There are a lot of everyday experiences in my children’s life that I don’t get to regularly participate. Little landmarks that I don’t get to witness. Often when dealing with the sadness of this reality, I mentally lecture myself that this is all byproduct of divorce. Consequence of failed marriage when children are involved. More often than not, self blame becomes a heavy burden on my mental state. “I’m the reason that I don’t get to tuck my kids in every night with a bedtime story. Because of me I can’t watch them brush their teeth during night routine.” I continually miss moments of opportunity to teach impromptu life lessons. My failure in that relationship has now impacted my volume of participation.
I find myself wondering when my sons get old enough to understand the situation, if they’ll hold me just as accountable. At 2 and 4 they’re too young to understand what happened or why. The complexity of human relationship and failure to manage conflict isn’t within an adolescent’s comprehension. But their infancy won’t last forever. Every year that passes they’ll grow in knowledge and judgment. Then, with teenage years, the hormones and volatility of emotions will peak and their angst will want to find a target. I know it’s imperative to reinforce to a child that divorce isn’t their fault, but what happens when they decide that its yours? How should I react to blame in a fashion to preserve my relationship with them? Will they lose faith in me and my example as a man and a father? How will I deal with their estrangement? Will they walk away from me forever?
Personally, I think that avoiding those scenarios boils down to two factors. Dependability and involvement. For me, Im thankful my children are so young; it gives me the opportunity that my kids will only reference how I am an involved parent. I strive to be someone they know that they can count on. Positive reinforcement, strict adherence to schedules, coaching sports, helping with studies and constantly proving that dad loves them more than any mistakes he made. I deeply sympathize with parents already dealing with these concerns. We are all human, we all make mistakes. The relationship that we have with our kids are independent from the conflict we have with our partners. Family, is the oldest institution known to man, the uniqueness of family is the longevity of intimate relationship; that is to say, enduring love. Love overrides dispute. Partnered with communication and acceptance, love we show to our kids will always trump anguish. Capitalize on every opportunity that we get to be involved and always allow time to work for you; time to heal and time tested dependability.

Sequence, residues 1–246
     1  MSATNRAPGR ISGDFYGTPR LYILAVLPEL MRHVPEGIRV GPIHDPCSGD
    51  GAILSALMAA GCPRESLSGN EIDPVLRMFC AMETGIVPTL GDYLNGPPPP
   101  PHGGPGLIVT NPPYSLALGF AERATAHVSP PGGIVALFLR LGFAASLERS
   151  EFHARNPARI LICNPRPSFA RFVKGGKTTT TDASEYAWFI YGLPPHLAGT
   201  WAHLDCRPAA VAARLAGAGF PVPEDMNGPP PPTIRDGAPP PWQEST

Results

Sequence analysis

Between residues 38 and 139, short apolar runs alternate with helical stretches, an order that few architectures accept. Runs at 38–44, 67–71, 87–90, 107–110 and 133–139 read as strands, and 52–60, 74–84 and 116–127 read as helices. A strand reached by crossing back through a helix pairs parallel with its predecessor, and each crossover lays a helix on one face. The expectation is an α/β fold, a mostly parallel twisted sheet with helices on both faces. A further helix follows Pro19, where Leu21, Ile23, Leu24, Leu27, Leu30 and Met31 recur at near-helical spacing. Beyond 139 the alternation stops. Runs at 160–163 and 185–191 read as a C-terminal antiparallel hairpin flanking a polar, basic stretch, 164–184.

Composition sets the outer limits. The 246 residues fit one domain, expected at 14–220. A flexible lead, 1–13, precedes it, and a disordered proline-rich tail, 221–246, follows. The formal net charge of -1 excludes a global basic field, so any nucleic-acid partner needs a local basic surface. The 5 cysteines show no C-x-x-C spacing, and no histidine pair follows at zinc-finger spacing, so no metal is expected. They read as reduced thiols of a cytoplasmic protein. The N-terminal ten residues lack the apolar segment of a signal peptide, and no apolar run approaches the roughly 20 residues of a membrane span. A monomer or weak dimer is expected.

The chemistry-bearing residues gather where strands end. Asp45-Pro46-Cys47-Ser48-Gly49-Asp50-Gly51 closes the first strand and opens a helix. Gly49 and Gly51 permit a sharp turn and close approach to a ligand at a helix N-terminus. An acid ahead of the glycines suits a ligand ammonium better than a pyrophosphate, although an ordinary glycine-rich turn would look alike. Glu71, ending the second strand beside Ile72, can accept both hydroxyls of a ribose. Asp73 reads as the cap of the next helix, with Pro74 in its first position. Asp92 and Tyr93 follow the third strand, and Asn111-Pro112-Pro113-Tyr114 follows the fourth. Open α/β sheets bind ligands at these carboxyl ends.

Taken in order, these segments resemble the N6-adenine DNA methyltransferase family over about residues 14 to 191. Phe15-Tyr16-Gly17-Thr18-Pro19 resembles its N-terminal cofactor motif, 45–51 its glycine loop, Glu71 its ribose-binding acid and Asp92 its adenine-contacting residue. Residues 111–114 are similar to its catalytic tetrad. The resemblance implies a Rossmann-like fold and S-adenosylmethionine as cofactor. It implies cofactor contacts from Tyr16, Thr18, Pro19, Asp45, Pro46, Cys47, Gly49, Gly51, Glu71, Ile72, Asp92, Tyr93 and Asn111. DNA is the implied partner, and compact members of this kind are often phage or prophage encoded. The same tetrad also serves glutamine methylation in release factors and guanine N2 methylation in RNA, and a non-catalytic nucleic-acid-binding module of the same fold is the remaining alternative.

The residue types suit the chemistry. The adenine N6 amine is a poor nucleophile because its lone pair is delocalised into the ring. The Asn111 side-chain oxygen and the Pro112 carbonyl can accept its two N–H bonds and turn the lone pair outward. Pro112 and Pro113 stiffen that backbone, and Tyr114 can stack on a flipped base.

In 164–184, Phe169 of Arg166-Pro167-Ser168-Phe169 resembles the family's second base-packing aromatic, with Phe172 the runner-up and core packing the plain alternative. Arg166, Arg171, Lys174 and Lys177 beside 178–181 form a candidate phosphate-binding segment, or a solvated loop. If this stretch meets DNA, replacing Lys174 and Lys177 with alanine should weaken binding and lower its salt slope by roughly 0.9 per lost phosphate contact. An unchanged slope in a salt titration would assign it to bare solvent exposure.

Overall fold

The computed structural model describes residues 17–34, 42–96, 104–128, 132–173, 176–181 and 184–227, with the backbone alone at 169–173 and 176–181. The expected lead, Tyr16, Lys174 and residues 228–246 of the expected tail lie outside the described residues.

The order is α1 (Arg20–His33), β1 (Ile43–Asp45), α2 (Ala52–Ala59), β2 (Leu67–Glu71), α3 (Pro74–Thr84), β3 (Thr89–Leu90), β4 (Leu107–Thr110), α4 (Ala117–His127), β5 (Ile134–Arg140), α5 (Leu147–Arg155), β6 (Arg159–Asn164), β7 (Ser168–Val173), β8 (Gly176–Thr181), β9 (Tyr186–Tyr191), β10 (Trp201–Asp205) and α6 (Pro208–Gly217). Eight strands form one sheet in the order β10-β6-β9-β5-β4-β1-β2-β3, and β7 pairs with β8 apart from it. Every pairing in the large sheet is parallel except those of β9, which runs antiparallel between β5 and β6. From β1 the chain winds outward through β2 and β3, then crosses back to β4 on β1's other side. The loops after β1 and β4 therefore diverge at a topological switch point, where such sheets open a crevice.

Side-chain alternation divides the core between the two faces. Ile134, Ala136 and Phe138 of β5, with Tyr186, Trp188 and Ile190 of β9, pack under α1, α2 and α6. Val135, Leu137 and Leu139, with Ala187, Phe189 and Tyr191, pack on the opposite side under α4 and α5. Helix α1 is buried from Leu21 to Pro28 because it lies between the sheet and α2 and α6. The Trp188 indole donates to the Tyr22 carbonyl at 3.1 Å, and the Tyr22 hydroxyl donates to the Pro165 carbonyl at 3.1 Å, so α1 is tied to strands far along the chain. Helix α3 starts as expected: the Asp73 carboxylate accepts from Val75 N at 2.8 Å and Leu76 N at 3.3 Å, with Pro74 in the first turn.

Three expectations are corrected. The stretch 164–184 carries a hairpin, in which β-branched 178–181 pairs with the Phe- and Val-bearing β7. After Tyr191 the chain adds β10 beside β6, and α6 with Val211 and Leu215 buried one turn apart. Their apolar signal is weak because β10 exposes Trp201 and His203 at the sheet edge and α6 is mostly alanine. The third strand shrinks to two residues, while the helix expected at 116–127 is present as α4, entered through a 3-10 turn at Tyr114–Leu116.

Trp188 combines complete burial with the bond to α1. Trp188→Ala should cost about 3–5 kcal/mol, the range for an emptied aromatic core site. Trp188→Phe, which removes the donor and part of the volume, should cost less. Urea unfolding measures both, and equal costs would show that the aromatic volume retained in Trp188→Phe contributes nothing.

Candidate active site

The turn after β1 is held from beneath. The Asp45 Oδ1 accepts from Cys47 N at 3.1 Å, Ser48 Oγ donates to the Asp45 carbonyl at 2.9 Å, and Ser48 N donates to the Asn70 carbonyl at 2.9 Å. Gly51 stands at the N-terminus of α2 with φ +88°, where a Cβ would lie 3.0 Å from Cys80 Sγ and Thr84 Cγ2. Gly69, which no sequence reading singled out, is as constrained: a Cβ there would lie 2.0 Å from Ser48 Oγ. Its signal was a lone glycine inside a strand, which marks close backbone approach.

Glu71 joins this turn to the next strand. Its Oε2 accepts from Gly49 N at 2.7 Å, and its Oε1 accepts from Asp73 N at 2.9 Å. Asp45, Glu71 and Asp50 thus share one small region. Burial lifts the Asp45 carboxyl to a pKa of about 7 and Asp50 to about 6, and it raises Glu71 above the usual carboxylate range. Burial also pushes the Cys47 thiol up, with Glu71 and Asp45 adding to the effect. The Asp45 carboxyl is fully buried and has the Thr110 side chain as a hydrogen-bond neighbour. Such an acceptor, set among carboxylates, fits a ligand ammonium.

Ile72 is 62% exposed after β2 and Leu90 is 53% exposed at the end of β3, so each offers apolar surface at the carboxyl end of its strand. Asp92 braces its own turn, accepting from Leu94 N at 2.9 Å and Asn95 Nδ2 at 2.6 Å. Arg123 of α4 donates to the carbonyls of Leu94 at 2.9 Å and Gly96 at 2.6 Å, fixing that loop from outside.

2 thoughts on “Divorce and Parenting: When my kids hold me accountable.”
Actions speak louder than words. So keep doing what you are doing. Be an involved parent, show them love. But they will still be watching you and how you are in every relationship you have.
I share your fears, and my approach is the same. As much time as possible, being dependable, supportive and involved. My recent post is addressed to all, to allow us to do what we’re striving to do; parent, without having to fight unnecessary battles: Your ex is not a narcissist, and you are not a victim.
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